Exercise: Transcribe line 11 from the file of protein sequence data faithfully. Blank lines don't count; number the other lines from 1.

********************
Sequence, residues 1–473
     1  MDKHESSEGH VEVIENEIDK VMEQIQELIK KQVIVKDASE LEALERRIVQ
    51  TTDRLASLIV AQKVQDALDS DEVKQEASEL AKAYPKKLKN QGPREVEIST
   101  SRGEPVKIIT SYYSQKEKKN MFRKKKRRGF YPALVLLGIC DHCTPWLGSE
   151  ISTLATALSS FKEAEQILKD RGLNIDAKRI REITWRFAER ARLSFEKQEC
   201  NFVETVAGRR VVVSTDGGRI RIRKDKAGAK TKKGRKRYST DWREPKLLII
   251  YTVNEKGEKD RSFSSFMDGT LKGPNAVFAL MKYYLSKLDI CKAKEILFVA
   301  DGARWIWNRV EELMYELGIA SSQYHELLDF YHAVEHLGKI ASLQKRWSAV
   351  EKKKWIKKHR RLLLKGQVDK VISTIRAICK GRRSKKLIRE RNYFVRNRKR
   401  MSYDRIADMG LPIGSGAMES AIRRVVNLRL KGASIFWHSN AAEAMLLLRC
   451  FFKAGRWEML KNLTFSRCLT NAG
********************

   451  FFKAGRWEML KNLTFSRCLT NAG